The TF device¶
The strawberryfields.tf
device gives access to Strawberry Field’s tf
state simulator
backend. This simulator device has the following features:
The simulator is written using TensorFlow, so supports classical backpropagation using PennyLane. Simply use
interface="tf"
when creating your QNode.Quantum states are represented in the Fock basis \(\left 0 \right>, \left 1 \right>, \left 2 \right>, \dots, \left \mathrm{D 1} \right>\), where \(D\) is the usergiven value for
cutoff_dim
that limits the dimension of the Hilbert space.The advantage of this representation is that any continuousvariable operation can be represented. However, the simulations are approximations, whose accuracy, the simulation time, and required memory increases with the cutoff dimension.
Warning
It is often useful to keep track of the normalization of a quantum state during optimization, to make sure the circuit does not “learn” to push its parameters into a regime where the simulation is vastly inaccurate.
Usage¶
You can instantiate the TF device in PennyLane as follows:
>>> import pennylane as qml
>>> import tensorflow as tf
>>> dev = qml.device('strawberryfields.tf', wires=2, cutoff_dim=10)
The device can then be used just like other devices for the definition and evaluation of QNodes within PennyLane.
For instance, the following simple example defines a QNode that first displaces the vacuum state,
applies a beamsplitter, and then returns the marginal probability on the first wire. This function
is then converted into a QNode which is placed on the strawberryfields.tf
device:
@qml.qnode(dev, interface="tf")
def circuit(x, theta):
qml.Displacement(x, 0, wires=0)
qml.Beamsplitter(theta, 0, wires=[0, 1])
return qml.probs(wires=0)
We can evaluate the QNode for arbitrary values of the circuit parameters:
>>> x = tf.Variable(1.0)
>>> theta = tf.Variable(0.543)
>>> with tf.GradientTape() as tape:
... res = circuit(x, theta)
>>> print(res)
tf.Tensor(
[[4.8045865e01+0.j 3.5218298e01+0.j 1.2907754e01+0.j 3.1538557e02+0.j
5.7795495e03+0.j 8.4729097e04+0.j 1.0349592e04+0.j 1.0811385e05+0.j
9.6350857e07+0.j 6.1937492e08+0.j]], shape=(1, 10), dtype=complex64)
We can also evaluate the derivative with respect to any parameter(s):
>>> jac = tape.jacobian(res, x)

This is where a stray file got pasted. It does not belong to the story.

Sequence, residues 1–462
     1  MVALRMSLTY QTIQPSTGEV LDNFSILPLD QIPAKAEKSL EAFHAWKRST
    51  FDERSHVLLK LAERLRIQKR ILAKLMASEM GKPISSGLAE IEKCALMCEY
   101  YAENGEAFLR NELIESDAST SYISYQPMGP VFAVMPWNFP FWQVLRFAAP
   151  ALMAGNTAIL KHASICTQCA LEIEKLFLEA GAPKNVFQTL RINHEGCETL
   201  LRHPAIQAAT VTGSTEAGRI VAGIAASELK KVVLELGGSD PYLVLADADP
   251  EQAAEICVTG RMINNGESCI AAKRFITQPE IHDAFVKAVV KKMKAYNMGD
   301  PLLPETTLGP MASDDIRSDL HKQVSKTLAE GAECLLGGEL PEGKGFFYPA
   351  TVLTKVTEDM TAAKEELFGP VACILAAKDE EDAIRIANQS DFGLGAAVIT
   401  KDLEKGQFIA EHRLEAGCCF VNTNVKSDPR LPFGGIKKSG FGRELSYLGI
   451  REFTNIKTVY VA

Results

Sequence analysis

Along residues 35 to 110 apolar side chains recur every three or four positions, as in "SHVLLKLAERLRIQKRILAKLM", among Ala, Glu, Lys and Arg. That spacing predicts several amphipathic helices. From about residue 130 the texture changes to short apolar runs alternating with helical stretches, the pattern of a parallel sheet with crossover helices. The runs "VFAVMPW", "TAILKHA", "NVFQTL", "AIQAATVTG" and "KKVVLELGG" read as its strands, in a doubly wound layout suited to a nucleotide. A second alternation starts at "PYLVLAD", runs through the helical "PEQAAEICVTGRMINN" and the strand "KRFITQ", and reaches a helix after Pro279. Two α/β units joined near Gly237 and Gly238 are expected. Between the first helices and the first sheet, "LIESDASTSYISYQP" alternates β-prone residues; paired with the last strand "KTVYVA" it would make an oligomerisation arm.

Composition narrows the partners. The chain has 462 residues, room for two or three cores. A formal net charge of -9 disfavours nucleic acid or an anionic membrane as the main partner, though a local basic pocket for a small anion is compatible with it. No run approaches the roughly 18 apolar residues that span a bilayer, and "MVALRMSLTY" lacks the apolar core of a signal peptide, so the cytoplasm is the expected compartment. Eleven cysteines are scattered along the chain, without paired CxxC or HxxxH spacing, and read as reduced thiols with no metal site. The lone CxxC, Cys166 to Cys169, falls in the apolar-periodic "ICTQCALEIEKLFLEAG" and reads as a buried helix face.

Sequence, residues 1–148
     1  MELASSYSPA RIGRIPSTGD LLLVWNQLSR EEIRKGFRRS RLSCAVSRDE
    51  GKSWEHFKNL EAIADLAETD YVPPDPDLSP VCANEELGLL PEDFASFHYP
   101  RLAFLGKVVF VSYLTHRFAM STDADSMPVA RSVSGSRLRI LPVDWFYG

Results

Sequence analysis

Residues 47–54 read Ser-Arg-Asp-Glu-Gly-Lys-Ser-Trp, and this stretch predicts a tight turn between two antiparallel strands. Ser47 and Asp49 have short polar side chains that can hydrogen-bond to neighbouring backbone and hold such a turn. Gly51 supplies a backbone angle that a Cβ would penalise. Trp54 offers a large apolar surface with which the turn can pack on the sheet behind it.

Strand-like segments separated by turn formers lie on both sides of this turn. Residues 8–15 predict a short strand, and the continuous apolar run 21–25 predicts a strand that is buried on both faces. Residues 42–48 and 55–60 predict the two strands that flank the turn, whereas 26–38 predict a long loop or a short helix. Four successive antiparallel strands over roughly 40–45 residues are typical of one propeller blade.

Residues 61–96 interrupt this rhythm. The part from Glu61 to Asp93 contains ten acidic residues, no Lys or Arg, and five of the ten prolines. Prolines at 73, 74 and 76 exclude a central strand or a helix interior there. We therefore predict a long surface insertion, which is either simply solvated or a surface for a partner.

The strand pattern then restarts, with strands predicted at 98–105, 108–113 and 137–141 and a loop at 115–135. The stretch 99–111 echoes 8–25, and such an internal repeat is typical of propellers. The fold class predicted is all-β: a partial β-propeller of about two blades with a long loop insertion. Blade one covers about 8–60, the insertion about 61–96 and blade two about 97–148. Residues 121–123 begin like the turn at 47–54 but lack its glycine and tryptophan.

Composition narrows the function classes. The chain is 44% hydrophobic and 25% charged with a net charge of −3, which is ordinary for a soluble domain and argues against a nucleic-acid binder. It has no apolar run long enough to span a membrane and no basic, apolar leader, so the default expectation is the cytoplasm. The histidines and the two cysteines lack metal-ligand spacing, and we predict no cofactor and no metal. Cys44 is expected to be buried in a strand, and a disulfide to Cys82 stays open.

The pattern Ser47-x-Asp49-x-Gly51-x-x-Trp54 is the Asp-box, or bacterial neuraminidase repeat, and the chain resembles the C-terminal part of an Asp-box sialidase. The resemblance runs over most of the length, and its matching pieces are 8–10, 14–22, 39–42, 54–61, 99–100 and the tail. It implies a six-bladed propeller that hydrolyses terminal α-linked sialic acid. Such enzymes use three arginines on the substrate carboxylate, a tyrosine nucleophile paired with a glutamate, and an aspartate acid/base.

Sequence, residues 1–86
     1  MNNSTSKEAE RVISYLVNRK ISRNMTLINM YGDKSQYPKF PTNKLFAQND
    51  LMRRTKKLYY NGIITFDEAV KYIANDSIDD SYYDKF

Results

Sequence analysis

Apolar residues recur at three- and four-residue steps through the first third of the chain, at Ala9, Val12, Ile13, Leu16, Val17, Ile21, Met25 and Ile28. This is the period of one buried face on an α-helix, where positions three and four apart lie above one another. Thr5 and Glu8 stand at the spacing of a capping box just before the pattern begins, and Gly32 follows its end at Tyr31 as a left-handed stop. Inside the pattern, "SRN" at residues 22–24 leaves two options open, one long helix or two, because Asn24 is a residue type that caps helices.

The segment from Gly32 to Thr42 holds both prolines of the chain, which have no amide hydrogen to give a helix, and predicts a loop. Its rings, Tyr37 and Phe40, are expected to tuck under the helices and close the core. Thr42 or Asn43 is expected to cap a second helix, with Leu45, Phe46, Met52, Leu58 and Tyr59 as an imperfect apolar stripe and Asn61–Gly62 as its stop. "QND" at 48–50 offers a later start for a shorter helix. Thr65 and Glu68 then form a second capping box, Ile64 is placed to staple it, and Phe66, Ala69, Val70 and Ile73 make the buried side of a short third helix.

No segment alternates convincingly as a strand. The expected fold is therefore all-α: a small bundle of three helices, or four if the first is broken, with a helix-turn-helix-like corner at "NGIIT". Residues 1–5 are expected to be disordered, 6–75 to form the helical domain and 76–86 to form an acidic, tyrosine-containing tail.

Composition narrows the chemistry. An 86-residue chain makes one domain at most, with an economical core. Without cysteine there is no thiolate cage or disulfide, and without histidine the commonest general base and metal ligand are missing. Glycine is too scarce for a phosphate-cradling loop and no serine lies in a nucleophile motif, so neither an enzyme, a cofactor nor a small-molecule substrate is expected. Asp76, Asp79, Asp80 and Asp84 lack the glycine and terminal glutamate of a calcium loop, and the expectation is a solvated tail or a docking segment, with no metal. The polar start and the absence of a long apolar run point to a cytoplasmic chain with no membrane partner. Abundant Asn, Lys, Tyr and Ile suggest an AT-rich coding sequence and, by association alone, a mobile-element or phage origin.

>>> print(jac)
<tf.Tensor: shape=(1, 10), dtype=float32, numpy=
array([[7.0436597e01, 1.8805575e01, 3.2707882e01, 1.4299491e01,
3.7763387e02, 7.2306832e03, 1.0900890e03, 1.3535164e04,
1.3895189e05, 9.9099987e07]], dtype=float32)>
Note
The qml.state
, qml.sample
and qml.density_matrix
measurements
are not supported on the strawberryfields.tf
device.
The continuousvariable QNodes available via Strawberry Fields can also be combined with qubitbased QNodes and classical nodes to build up a hybrid computational model. Such hybrid models can be optimized using the builtin optimizers provided by PennyLane.
PennyLane CV templates, such as Interferometer()
and CVNeuralNetLayers()
, can also be used:
dev = qml.device("strawberryfields.tf", wires=3, cutoff_dim=5)
@qml.qnode(dev, interface="tf")
def circuit(weights):
for i in range(3):
qml.Squeezing(0.1, 0, wires=i)
qml.templates.Interferometer(
theta=weights[0],
phi=weights[1],
varphi=weights[2],
wires=[0, 1, 2],
mesh="rectangular",
)
return qml.probs(wires=0)
Once defined, we can now use this QNode within any TensorFlow computation:
>>> weights = qml.init.interferometer_all(n_wires=3)
>>> weights = [tf.convert_to_tensor(w) for w in weights]
>>> with tf.GradientTape() as tape:
... tape.watch(weights)
... res = circuit(weights)
>>> grad = tape.gradient(res, weights)
[<tf.Tensor: shape=(3,), dtype=float64, numpy=array([4.93799348e07, 5.99637985e07, 8.90550478e09])>,
<tf.Tensor: shape=(3,), dtype=float64, numpy=array([2.09796852e07, 1.01452002e08, 4.34359642e08])>,
<tf.Tensor: shape=(3,), dtype=float64, numpy=array([ 8.36735126e10, 1.21872290e10, 1.81160686e09])>]
Note
The strawberryfields.tf
device does not support Autograph mode (tf.function
).
Device options¶
The Strawberry Fields TF device accepts additional arguments beyond the PennyLane default device arguments.
cutoff_dim
the Fock basis truncation when applying quantum operations
hbar=2
The convention chosen in the canonical commutation relation \([x, p] = i \hbar\). Default value is \(\hbar=2\).
shots=None
The number of circuit evaluations/random samples used to estimate expectation values of observables. The default value of
None
means that the exact expectation value is returned.
Supported operations¶
The Strawberry Fields TF device supports all continuousvariable (CV) operations and observables provided by PennyLane, including both Gaussian and nonGaussian operations.
Supported operations:
Beamsplitter interaction. 

Prepares a coherent state. 

Controlled addition operation. 

Controlled phase operation. 

CrossKerr interaction. 

Cubic phase shift. 

Prepares a displaced squeezed vacuum state. 

Phase space displacement. 

Prepare subsystems using the given density matrix in the Fock basis. 

Prepares a single Fock state. 

Prepare subsystems using the given ket vector in the Fock basis. 

Prepare subsystems in a given Gaussian state. 

A linear interferometer transforming the bosonic operators according to the unitary matrix \(U\). 

Kerr interaction. 

Quadratic phase shift. 

Phase space rotation. 

Prepares a squeezed vacuum state. 

Phase space squeezing. 

Prepares a thermal state. 

Phase space twomode squeezing. 
Supported observables:
The identity observable \(\I\). 

The photon number observable \(\langle \hat{n}\rangle\). 

The tensor product of the 

The position quadrature observable \(\hat{x}\). 

The momentum quadrature observable \(\hat{p}\). 

The generalized quadrature observable \(\x_\phi = \x cos\phi+\p\sin\phi\). 

An arbitrary secondorder polynomial observable.